A syringe is filled with a dose of the Pfizer Covid-19 vaccine at a mobile vaccination site in Los Angeles on August 7. Patrick T. Fallon/AFP/Getty Images

The daily pace of new Covid-19 vaccinations in the US is the highest in about seven weeks, but 31.2% of eligible people in the US remain unvaccinated.

Here’s the latest data on vaccination efforts in the United States, published Monday by the US Centers for Disease Control and Prevention:

  • Fully vaccinated: 50.2% of the total US population (all ages)
  • Not vaccinated: 31.2% of the eligible population (12+)
  • Current pace of vaccinations (7-day average): 486,332 people are initiating vaccination each day.

This is the highest average daily pace in about seven weeks, since June 18. It is a 10% increase over last week’s pace. An average of 715,547 doses is being administered each day.

22 states have fully vaccinated more than half of their residents: California, Colorado, Connecticut, Delaware, Hawaii, Iowa, Maine, Maryland, Massachusetts, Minnesota, Nebraska, New Hampshire, New Jersey, New Mexico, New York, Oregon, Pennsylvania, Rhode Island, Vermont, Virginia, Washington and Wisconsin, as well as Washington, D.C.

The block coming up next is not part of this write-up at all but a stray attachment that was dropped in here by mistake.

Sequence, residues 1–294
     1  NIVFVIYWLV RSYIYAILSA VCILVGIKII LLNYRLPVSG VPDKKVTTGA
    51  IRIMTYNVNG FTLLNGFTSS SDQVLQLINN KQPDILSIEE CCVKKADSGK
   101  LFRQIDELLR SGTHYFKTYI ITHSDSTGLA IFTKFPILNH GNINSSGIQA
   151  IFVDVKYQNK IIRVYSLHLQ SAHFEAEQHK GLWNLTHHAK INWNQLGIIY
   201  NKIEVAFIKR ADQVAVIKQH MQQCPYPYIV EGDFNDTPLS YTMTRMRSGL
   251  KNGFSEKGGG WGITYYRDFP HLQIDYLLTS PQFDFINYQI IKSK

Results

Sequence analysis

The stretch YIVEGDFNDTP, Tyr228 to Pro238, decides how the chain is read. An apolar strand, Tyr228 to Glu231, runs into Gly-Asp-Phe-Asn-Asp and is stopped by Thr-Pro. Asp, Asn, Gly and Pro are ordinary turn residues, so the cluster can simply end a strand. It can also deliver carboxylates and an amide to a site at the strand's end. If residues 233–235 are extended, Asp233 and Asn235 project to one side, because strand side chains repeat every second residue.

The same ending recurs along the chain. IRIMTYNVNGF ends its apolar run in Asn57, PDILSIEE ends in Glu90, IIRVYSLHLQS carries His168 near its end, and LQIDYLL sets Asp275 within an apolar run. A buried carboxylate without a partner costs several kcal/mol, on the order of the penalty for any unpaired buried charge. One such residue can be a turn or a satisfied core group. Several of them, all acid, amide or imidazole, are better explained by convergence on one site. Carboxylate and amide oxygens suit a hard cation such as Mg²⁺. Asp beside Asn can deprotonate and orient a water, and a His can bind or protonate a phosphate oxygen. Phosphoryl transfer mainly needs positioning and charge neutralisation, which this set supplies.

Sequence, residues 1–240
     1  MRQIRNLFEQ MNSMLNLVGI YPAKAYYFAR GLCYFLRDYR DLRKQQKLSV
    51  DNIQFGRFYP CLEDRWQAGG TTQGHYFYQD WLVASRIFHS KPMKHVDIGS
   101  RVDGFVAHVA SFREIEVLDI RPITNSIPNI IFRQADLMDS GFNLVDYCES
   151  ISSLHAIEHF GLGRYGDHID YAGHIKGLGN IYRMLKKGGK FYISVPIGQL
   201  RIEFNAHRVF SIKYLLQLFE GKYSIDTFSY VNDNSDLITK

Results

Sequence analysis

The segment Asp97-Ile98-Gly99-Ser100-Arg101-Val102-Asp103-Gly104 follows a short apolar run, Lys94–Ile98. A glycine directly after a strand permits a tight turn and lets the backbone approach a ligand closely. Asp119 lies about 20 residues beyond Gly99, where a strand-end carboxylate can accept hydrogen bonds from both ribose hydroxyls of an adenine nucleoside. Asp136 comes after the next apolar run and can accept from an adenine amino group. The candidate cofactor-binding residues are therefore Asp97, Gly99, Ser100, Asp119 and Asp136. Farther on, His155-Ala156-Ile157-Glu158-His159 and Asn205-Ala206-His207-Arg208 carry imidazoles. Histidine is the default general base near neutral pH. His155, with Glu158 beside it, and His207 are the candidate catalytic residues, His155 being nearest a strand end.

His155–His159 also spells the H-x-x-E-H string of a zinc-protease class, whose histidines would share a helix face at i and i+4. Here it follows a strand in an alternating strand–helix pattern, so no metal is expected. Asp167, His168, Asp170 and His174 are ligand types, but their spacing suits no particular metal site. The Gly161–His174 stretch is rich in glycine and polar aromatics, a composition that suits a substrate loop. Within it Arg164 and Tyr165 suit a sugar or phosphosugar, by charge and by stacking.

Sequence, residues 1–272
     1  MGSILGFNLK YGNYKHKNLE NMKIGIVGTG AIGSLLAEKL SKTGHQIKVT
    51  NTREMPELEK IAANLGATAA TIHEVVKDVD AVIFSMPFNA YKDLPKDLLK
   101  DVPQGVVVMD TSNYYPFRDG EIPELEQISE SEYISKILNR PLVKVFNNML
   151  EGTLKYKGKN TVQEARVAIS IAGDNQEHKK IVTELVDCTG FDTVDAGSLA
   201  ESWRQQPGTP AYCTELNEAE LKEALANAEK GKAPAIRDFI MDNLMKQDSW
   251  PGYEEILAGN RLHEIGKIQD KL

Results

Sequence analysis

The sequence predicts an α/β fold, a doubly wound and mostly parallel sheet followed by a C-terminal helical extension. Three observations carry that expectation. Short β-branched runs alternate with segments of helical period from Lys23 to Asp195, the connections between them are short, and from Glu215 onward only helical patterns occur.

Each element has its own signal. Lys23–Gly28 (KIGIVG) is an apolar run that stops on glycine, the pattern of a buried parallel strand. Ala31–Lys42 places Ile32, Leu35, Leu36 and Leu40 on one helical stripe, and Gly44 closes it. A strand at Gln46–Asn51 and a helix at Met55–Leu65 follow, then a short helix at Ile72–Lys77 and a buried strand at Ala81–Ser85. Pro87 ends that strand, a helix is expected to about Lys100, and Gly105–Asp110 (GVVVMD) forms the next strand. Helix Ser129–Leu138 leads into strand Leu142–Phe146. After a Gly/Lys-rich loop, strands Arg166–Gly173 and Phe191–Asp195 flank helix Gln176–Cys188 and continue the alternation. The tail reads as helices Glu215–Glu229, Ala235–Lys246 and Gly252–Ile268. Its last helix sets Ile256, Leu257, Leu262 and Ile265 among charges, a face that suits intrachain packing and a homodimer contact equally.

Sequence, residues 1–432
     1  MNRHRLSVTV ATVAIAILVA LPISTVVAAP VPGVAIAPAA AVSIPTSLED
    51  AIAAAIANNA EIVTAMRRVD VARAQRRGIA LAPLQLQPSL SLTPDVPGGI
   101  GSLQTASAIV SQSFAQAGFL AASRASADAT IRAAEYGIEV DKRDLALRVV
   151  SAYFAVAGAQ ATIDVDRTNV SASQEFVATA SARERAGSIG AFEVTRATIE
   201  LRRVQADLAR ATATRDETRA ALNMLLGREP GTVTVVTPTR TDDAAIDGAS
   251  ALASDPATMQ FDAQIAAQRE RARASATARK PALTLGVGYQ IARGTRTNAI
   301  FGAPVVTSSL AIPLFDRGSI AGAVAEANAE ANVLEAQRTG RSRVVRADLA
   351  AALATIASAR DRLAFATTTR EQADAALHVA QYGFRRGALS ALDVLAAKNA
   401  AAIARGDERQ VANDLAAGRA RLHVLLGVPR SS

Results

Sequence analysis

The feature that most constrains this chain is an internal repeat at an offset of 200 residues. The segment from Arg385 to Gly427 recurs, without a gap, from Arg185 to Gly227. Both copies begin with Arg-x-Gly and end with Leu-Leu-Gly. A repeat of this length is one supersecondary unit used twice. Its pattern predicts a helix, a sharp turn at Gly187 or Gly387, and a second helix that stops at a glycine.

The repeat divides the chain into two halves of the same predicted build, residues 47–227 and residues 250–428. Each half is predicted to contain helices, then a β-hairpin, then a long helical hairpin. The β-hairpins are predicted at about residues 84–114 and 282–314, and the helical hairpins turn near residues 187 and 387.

Nebraska is the latest state to cross this threshold. Vermont leads the nation with 68% of residents fully vaccinated. Alabama is the only state to have fully vaccinated less than 35% of residents. 

5:54 p.m. ET, August 9, 2021

Recent data shows 18.5% of new Covid-19 cases in New Jersey are fully vaccinated individuals, governor says

From CNN’s Christina Bowllan

A healthcare worker prepares a dose of the Moderna Covid-19 vaccine in Secaucus, New Jersey, on February 28.